Kansas man's coronavirus death was 'lonelier than necessary,' obituary says

Kansas has seen 162,061 coronavirus cases and nearly 1,680 deaths

A great-grandfather in Kansas who was born just before the start of World War II died from coronavirus earlier this month in a “room not his own, being cared for by people dressed in confusing and frightening ways,” his obituary stated.

“He died with COVID-19, and his final days were harder, scarier and lonelier than necessary,” the obituary for Marvin Farr, of Scott City, said. “He was not surrounded by friends and family.”

The obituary goes on to state that Farr, a farmer and veterinarian, was born “into an America recovering from the Great Depression and about to face World War 2,” a time in which “loss and sacrifice” was “difficult for most of us to imagine.”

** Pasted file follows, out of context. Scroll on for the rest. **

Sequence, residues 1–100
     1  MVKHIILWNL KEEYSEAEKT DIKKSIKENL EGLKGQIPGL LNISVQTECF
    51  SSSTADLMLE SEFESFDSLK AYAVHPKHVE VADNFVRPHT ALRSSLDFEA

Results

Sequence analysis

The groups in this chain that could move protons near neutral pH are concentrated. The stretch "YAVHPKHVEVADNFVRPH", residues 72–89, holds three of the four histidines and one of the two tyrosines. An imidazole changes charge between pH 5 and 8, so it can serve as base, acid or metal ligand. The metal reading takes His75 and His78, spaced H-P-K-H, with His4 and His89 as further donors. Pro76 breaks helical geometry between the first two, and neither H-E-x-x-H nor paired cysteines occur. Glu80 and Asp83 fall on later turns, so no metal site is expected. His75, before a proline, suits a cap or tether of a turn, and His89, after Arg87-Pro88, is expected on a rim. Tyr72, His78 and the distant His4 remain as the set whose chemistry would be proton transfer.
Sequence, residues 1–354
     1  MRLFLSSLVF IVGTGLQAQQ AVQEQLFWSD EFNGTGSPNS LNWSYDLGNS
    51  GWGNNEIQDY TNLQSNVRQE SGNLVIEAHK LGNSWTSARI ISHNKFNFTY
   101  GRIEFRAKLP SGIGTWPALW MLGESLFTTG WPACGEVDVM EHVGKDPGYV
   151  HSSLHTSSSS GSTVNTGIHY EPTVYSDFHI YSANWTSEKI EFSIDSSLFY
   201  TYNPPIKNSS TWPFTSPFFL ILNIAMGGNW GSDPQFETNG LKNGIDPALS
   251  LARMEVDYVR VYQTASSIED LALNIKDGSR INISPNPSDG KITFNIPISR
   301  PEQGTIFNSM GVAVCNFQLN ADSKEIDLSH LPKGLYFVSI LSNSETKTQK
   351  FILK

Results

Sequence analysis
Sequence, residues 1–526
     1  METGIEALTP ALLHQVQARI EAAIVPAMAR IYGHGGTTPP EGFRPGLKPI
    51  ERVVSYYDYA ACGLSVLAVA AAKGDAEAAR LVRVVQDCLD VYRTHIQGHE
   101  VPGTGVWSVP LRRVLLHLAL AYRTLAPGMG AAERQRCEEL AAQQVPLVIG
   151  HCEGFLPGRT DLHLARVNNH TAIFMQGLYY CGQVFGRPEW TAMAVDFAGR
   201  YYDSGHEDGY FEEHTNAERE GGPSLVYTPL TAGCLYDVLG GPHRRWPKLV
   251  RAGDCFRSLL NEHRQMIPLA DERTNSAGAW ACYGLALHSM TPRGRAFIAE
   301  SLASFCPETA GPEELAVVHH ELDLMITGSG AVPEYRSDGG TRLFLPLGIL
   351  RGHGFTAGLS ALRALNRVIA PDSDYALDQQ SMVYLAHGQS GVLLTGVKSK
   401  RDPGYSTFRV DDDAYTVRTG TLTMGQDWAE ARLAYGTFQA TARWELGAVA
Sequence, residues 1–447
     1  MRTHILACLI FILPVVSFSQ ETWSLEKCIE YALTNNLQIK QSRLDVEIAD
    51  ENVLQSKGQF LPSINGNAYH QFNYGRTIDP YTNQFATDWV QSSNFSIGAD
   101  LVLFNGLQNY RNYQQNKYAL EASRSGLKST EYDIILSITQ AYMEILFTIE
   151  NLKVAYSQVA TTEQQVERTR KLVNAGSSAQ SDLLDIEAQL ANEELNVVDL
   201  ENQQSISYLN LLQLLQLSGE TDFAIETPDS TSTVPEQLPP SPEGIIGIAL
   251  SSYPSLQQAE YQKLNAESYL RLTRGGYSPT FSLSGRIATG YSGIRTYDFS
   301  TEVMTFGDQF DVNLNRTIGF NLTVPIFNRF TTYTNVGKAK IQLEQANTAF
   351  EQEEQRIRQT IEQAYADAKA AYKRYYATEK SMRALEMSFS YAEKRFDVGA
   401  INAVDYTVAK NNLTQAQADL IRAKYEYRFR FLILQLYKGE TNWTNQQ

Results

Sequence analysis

“Americans would be asked to ration essential supplies and send their children around the world to fight and die in wars of unfathomable destruction,” the obituary said. “He died in a world where many of his fellow Americans refuse to wear a piece of cloth on their face to protect one another.”

Farr’s profession was rooted in science, the obituary said, and he was a religious man who believed in “forgiveness and care.”


“The science that guided his professional life has been disparaged and abandoned by so many of the same people who depended on his knowledge to care for their animals and to raise their food,” the obituary stated.

It’s not clear how Farr contracted the virus, but a Facebook post from his son, Courtney Farr, said that he tested positive for the virus at the end of November, and had been in isolation since Thanksgiving Day. The obituary stated that he would find a way to forgive those who harmed him, “a sentiment echoed by the health care workers struggling to do their jobs as their own communities turn against them or make their jobs harder.”


A memorial will be held in the future, the obituary said.

According to the state’s health department, Kansas has seen 162,061 coronavirus cases and nearly 1,680 deaths.